Jamelle Bouie

Jamelle Bouie is a staff writer at The American Prospect.

Recent Articles

Never Trust an Average.

Writing in The Wall Street Journal , Minnesota Gov. Tim Pawlenty makes use of broad averages to argue against public-sector unions: Federal employees receive an average of $123,049 annually in pay and benefits, twice the average of the private sector. And across the country, at every level of government, the pattern is the same: Unionized public employees are making more money, receiving more generous benefits, and enjoying greater job security than the working families forced to pay for it with ever-higher taxes, deficits and debt. Of course, that "average" is incredibly misleading; after you control for everything -- education, gender, race, compensation, and total work hours -- government employees are paid significantly less than their private-sector counterparts. And this holds true at every level of skill and expertise; public-sector doctorates, for instance, suffer a 21 percent pay penalty when compared to their peers in the private sector. If the public/private pay disparity...

Nope, No Disenfranchisement to See Here.

Virginia Attorney General Ken Cuccinelli wants an exemption from the Voting Rights Act. Why? Because the Commonwealth has " outgrown " institutional racism: Cuccinelli also addressed the issue of redistricting, saying he thought it was time for Virginia to be released from its federally mandated oversight by the U.S. Department of Justice under the Voting Rights Act of 1965. [...] Cuccinelli, however, said Virginia has “outgrown” that requirement, as the state — which he acknowledged originated Massive Resistance — is no longer marked by institutionalized bigotry. “I think as a state, as a commonwealth, we have outgrown that,” he said. “We have grown as a commonwealth a great deal in my lifetime.” Earlier this year, if you recall, Republican Gov. McDonnell reinstated "Confederate History Month," failing to make any reference to slavery (he later apologized). This was followed by Sen. Jim Webb 's op-ed against federal anti-discrimination policies, and McDonnell's decision to institute...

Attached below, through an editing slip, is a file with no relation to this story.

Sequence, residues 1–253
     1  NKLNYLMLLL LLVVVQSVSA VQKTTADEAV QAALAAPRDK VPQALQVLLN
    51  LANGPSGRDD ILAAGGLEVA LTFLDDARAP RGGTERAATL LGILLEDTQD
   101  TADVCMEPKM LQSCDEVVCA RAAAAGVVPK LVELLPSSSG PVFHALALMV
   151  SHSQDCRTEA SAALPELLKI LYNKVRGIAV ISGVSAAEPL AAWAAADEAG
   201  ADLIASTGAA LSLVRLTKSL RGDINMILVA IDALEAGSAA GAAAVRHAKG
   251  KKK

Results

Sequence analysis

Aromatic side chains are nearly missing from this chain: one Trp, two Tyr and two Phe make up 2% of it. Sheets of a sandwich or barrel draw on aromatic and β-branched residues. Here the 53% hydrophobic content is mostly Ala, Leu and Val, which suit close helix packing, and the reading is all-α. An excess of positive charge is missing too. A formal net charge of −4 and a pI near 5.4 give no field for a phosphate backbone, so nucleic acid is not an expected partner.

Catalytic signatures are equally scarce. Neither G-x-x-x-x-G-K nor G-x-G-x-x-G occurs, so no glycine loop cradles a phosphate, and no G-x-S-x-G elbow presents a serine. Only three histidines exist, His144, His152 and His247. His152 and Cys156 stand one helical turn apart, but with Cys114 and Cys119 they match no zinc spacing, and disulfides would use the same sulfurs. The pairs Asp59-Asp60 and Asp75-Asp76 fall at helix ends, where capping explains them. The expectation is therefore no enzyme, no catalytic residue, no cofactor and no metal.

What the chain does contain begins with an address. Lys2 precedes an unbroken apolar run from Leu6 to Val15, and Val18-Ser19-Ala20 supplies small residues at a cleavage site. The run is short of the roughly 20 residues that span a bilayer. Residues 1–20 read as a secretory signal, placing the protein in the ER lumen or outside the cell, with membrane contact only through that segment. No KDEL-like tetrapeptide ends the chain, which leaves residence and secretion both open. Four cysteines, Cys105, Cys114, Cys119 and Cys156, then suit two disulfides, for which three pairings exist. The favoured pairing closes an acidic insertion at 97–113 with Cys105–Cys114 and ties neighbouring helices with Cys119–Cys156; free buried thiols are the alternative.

Money Ain't a Thing.

Do you need personal wealth to run for office? No, says the Campaign Finance Institute: Personal wealth seems not to be a requirement for office. Glavin said that for all spending on U.S. House campaigns in 2008, only 10 percent came from candidates’ personal wealth. Fifty-four percent came from individual contributions and 36 percent came from Political Action Committees, a name given to groups that organize to support a particular candidate or issue. For incumbents in 2008, the amount spent from personal wealth drops to just 5 percent, while the amount from PACs grows to 45 percent, as incumbents are able to tout their voting record on certain issues to garner support.There is, however, a baseline amount of money needed to run a campaign. “If you’re not crossing a threshold then your chances aren’t very good,” Glavin said, but added that it’s difficult to pinpoint just how much money a candidate needs to run a competitive race. Success leads to more campaign donations which are used...

What If We Give It Away?

Matthew Yglesias on what rich people should do with their money, if they want to help the poor: Alternatively, one under-discussed possibility is for a guy who has a lot of money and a desire to help poor people to just identify some poor people and give them some money. It sounds banal when you say it, but one of the main obstacles to people being less poor is that they don’t have enough money. If you give them money, they’ll have more of it. Will this be optimal in all cases? Of course not. But in the vast majority of cases, you’ll do some good. It’s tempting to believe that you’re on the merge of some major conceptual breakthrough in the field of philanthropy. But give some consideration to the possibility that you’re not. Perhaps if you have a special talent for anything, it’s a talent for making money. It’s not very hard to identify some people who might need money more than you do. Maybe you should just give them some, and then go back to making money. Relatedly, if I were...

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